Organizational behavior is a topic that many leading companies, both big and small, study to optimize performance. Management observes how employees interact with each other at work and engage with their surroundings. Informed by these findings, businesses will strategically implement change to improve productivity and office culture—which can include changing the design of a workplace to have an open plan. For decades, industries have been studying how work environments affect employees on a daily basis. So, if you work in a cool office, then your company got the memo. If not, here are the benefits of an open-plan office so that you can bring management up to speed.
First, here are the cons of open-plan offices
Research increasingly suggests that we enjoy being comfortable at work. With this in mind, many companies have their offices specifically and strategically designed to meet certain themes and to achieve certain performance goals. It’s been a few years since open-plan offices were the trend in office design when businesses and designers informed industries that open-plan offices would enhance collaboration and communication. In actuality, the research has shown otherwise.
It was thought that by dismantling physical barriers, communication and collaboration would increase, but a collaborative study found that, when firms made conversions to open-plan offices, face-to-face interactions decreased by 70%. As a counteraction, digital communications increased noticeably.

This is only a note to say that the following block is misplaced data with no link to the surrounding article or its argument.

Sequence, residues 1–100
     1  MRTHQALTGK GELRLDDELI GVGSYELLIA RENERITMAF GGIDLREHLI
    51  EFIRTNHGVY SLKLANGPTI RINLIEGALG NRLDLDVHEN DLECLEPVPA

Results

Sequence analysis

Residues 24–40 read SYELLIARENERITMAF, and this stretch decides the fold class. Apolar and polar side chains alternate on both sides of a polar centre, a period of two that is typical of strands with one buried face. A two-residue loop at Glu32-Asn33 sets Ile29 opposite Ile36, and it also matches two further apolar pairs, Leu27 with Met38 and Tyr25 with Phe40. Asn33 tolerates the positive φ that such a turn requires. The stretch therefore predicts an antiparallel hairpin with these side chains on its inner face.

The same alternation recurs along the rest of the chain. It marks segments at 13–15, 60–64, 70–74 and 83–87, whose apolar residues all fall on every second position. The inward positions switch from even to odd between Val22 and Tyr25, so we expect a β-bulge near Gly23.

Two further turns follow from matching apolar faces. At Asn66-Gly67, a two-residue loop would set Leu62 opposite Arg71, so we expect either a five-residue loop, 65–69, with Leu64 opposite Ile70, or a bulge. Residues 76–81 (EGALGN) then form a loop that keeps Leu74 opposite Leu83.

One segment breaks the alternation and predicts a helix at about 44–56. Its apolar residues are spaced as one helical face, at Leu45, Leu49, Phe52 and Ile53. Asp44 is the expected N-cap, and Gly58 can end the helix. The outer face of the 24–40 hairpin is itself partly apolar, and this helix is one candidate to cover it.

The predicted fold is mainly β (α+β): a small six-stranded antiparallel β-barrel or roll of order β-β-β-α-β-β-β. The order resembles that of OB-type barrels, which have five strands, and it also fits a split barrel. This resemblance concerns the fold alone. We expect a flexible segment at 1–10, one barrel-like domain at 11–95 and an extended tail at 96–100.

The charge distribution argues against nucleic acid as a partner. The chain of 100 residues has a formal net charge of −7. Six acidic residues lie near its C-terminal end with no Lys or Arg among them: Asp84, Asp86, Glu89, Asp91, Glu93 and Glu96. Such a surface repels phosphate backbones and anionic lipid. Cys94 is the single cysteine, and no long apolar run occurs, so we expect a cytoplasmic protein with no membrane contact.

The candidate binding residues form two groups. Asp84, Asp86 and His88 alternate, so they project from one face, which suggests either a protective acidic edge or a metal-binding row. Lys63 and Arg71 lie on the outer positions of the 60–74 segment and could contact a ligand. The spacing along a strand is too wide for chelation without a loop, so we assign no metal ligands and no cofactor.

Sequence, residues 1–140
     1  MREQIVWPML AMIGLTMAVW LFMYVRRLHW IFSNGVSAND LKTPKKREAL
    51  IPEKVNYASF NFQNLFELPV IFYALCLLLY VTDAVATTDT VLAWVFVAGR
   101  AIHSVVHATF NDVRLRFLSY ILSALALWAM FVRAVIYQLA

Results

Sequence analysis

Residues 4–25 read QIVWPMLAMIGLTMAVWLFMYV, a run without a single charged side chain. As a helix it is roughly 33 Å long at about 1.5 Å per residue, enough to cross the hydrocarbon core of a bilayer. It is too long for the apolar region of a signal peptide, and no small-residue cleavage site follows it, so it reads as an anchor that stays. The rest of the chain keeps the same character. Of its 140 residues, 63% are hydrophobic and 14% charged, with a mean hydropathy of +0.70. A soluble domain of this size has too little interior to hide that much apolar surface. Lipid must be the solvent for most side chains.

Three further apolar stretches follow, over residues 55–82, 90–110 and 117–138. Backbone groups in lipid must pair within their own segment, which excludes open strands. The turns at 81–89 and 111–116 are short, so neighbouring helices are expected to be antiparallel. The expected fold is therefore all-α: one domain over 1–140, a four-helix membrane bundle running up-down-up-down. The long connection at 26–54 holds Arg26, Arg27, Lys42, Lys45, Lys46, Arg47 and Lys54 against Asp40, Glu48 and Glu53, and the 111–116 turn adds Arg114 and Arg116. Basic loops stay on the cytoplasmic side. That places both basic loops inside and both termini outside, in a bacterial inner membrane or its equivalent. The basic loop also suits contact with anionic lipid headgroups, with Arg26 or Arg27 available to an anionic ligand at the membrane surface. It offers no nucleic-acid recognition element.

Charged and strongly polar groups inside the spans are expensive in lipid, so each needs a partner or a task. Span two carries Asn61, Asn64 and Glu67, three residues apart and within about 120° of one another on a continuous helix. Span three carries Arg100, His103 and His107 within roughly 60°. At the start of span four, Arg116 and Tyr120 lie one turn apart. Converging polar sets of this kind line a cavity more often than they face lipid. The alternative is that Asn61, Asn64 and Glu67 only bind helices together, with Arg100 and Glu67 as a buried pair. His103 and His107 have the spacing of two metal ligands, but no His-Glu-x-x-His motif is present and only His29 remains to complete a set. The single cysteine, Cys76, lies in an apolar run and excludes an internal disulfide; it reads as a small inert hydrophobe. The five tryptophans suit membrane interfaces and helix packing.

Now, if your business is highly reliant on face-to-face interaction among your team to be successful, then these numbers are scary. However, if your business model thrives on highly independent employees, like journalists or online customer service managers, then this type of “open-isolation” can potentially be good for productivity. As your team members perform their self-determined task or work that they claim from a queue, they can decide when to engage with each other.
These are the benefits
The good news is that these functional shortcomings to collaboration can be overcome by incorporating more collaborative practices and by designating spaces in the office meant just for collaboration. In most cases, this can create a balance between collaboration and autonomy that gets the job done.
Coworking spaces can improve effectiveness
Open-plan offices can also be good for your company if your team is small. Coworking spaces provide small companies with one or several desks in a shared office space. This location is shared by owners or employees of different companies, requiring no collaboration with those around you yet still fostering productivity.
Management should get creative
While it was assumed open-plan offices would improve collaboration before data proved the opposite, this doesn’t mean there are no benefits to open plan office spaces. It is more likely that open-plan office settings are more effective for specific business types, rather than a one-size-fits-all solution.
Innovative approaches that encourage collaboration can bring about desired outcomes for engagement and productivity in an open-plan office. It would be wise to pay attention to your team’s work habits. They may not enjoy this design, but if you find that your team thrives in an open plan office setting, then your company may be the perfect fit.